He included songs from an upcoming album, including "Fly By Night," "Misunderstood," and "Lovely" Brown's trumpet would blare in and put of the rhythms, with great tone and hip ideas. It wasn't just hard blowing. As improvisatory as it might have been, there was also careful thought. He deserves a spot with Jeremy Pelt and Christian Scott as young cats who are really playing some super contemporary music, as well as really speaking with the trumpet. How good was the music? Too good to leave, even though Joe Lovano, Ravi Coltrane and Dave Liebman were on the main stage tearing through their Saxophone Summit set.
The "surprise" of the fest was 22-year-old singer Rachel Price, who, backed by a trio ran through several selections from the Great American Songbook with surprising ease and elegance. Her voice was rich and her improvisations gleeful, without losing sight of the song. It called to mind Anita O'Day at several points. "That Old Black Magic," "The Trolley Song," "Skylark" and the like were among her repertoire, but she wore each of those chestnuts well. She's a singer to watch.
Another singer, Andrea Tierra, brought a nice Latin band, featuring the talents of her husband, harpist Edmar Castenada and celloist Dana Leong. She did music from her South American homeland (she's Columbian), and not much in the way of English lyrics. But her voice was velvety smooth and her natural feel for the music was enticing.
Dee Dee Bridgewater, ever the enthusiastic performer with chops to spare, began with her trademark rendition of Trane's "Afro Blue," but then went into her African-influenced recent recording Red Earth, A Malian Journey
. It included rich rhythms and some blues. She's always exciting to see. Dianne Reeves was, likewise, an elegant presence, always sure in her presentation and her music, her voice strong, flexible and confident. She too covered the territory of her latest CD, When You Know
, including "Just My Imagination," and "Today Will Be a Good Day."
Lloyd, a fine saxophonist who scored with crossover hits in the 1960s, played a good set of music with Rueben Rogers on bass, Jason Moran on piano and Eric Harland on drums, the same young musicians who recorded on his ECM project Rabo de Nube
that came out earlier this year, and their music came from that; thoughtful and exploratory. The group meshes well and Lloyd's sound is sweet and fresh even at the age of 70.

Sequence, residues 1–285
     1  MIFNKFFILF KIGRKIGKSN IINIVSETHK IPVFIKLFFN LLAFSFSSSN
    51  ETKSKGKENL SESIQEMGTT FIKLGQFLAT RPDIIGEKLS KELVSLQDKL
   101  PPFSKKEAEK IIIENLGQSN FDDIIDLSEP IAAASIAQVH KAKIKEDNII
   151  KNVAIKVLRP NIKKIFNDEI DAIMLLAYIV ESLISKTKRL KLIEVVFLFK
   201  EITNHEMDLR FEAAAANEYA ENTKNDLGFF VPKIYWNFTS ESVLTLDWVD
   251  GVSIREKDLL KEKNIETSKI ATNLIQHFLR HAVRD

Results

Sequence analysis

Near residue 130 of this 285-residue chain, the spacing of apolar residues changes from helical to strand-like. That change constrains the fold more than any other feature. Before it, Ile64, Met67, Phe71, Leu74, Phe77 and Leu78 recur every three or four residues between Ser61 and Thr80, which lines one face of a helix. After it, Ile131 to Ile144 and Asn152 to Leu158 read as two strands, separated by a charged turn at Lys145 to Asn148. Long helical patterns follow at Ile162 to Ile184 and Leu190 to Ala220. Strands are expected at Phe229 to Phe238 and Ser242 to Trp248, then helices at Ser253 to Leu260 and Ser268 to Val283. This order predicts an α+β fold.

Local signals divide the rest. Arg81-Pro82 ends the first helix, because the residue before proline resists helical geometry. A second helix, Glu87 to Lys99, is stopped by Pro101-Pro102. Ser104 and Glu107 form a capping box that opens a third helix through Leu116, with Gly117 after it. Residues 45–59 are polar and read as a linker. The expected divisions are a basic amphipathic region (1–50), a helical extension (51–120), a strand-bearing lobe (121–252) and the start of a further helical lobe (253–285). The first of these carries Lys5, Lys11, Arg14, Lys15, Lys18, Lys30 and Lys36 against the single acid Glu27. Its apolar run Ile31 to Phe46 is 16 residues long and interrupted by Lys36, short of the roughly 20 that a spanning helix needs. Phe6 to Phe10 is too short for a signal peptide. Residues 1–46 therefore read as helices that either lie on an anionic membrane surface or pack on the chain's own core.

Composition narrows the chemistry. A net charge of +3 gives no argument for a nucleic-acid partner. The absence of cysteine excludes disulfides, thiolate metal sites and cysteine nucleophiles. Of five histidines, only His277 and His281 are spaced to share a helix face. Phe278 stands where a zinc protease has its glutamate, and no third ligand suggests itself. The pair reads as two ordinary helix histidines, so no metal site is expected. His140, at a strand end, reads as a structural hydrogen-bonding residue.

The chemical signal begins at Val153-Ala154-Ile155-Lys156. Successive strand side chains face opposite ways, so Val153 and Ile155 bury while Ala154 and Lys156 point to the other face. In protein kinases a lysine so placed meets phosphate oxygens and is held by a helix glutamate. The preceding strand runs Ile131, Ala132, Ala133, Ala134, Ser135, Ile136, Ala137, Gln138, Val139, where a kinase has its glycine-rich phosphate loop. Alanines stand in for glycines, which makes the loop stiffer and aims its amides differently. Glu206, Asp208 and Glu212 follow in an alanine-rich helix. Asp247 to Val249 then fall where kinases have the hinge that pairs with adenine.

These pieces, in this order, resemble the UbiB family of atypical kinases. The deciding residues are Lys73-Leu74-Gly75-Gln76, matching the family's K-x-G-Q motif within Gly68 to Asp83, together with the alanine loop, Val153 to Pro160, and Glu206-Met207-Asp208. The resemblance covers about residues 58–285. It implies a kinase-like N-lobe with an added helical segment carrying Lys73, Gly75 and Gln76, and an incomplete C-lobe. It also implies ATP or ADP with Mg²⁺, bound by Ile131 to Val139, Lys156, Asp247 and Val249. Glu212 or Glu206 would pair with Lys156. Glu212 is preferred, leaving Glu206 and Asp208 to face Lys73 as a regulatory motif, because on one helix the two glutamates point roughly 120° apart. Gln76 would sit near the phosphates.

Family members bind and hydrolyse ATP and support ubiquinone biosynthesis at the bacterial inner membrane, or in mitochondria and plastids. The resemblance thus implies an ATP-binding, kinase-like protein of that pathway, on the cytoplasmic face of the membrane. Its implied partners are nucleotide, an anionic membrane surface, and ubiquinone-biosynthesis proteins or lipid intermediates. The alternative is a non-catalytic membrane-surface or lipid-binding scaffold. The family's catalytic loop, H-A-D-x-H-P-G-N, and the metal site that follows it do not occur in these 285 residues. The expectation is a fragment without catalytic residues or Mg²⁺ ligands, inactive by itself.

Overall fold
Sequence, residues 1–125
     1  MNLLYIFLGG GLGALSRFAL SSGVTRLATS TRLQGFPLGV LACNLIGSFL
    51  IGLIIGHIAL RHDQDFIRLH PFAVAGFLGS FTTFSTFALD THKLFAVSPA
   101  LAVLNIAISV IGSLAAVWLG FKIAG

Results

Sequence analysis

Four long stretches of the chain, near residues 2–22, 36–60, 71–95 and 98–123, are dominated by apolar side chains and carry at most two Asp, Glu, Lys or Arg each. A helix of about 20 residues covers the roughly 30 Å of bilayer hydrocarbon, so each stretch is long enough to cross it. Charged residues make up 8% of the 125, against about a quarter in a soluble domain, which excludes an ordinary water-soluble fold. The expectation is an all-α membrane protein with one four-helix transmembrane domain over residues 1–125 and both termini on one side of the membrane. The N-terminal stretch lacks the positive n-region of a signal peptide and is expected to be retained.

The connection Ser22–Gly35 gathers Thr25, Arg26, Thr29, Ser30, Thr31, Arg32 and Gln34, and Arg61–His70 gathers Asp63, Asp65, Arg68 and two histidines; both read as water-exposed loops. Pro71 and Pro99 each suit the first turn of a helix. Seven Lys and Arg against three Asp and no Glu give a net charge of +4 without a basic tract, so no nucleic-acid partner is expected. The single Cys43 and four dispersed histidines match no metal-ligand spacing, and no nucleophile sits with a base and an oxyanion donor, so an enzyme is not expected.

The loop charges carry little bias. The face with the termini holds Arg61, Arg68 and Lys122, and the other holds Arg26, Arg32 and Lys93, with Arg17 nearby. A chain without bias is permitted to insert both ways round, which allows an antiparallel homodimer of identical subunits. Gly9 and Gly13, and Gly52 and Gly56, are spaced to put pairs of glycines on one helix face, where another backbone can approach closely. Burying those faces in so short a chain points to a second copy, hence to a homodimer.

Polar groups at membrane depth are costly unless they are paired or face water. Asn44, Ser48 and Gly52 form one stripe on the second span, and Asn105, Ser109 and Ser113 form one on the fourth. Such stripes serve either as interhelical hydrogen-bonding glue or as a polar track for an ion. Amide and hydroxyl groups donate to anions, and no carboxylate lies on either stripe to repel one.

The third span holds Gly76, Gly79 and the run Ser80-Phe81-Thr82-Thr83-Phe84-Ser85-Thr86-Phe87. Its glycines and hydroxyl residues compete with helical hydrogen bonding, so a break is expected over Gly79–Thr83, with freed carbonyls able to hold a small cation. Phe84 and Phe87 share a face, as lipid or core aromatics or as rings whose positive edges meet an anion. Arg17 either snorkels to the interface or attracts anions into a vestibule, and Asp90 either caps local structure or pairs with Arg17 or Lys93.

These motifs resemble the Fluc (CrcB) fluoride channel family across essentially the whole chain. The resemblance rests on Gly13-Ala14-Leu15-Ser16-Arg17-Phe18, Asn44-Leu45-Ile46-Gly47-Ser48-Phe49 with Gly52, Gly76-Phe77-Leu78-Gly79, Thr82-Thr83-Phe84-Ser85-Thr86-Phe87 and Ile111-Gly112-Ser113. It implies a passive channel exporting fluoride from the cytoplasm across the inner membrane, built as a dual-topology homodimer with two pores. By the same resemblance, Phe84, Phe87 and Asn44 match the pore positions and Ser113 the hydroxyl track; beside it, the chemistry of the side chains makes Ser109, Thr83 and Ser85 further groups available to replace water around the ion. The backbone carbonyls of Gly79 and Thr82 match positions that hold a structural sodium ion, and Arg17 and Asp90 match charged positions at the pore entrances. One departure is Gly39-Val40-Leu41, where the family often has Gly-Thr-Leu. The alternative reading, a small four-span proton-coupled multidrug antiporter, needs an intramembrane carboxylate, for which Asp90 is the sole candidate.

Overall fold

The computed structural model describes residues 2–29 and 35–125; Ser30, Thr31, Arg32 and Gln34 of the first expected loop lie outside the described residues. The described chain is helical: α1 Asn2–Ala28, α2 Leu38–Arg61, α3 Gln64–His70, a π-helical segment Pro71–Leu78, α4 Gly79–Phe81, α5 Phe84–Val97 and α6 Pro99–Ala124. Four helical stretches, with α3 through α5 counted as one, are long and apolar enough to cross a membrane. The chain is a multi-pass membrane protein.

Terrence Blanchard's group was superb, playing music from A Tale of God's Will: A Requiem for Katrina
. It was dramatic and touching at times, smoking at others. He even did wordless chant-like vocals during parts, and then, using an electronic device triggered by his foot, played them back while he improvised trumpet licks. His playing is very strong, one of the finest trumpeters on the scene. And his band is great, propelled by the wonderful Kendrick Scott on drums, an under-appreciated but terrific musician. Brice Winston is a young saxophonist who lends a lot to the proceedings, scorching up the turf when called for and putting forth sweet melodies in the slower sections.
The Brubeck Brothers are always consistent. Drummer Danny and bass/trombonist Chris have played together for a long time with guitarist Mike DeMicco. They run through their sets with fire and forethought and always have moments of excitement. Danny is a smoking drummer that can fit into any setting, as reliable when it gets funky as he is when it's torrid jazz. The group closed with a hot version of "Take Five," naturally borrowed from their dad's book, but with a different and pleasing arrangement. If they can't do it, who can?
Jenny Scheinman brought a small group to the gazebo stage and did music that owed as much to folkloric influences than jazz. She's got two CDs out this year, so she's becoming more well known as time goes by as one of the better violin players. She didn't dazzle much with technique, but provided interesting melodies and heady statements over the soft sounds of her group. Her music seemed bent to take people on a journey. She has a nice, mellow sound.
Chris Botti is a trumpeter who's kind of pushed into the smooth jazz section, but that's not all he's about. He can play some trumpet and his band, with the superb Billy Kilson on drums, Mark Whitfield on guitar and Robert Hurst on bass has a strong jazz pedigree. The group has great bursts of energy and, when playing ballad's playing comes to the fore. It's good ground for him and his tone is pleasing.
Another young pianist, Jonathan Battiste from the Crescent City, did a set of music that owed a lot to that region . He even sang "What a Wonderful World," no doubt influenced by Satchmo. The set was well executed, but lacked any true spark.
The festival rolls on, less under the influence of Wein, of course. One wonder how many more bands like the O'Jays will clutter up improvisational music, but SPAC's event seems to be indefatigable nonetheless. One can't help but have fun. Photo CreditR.J. DeLuke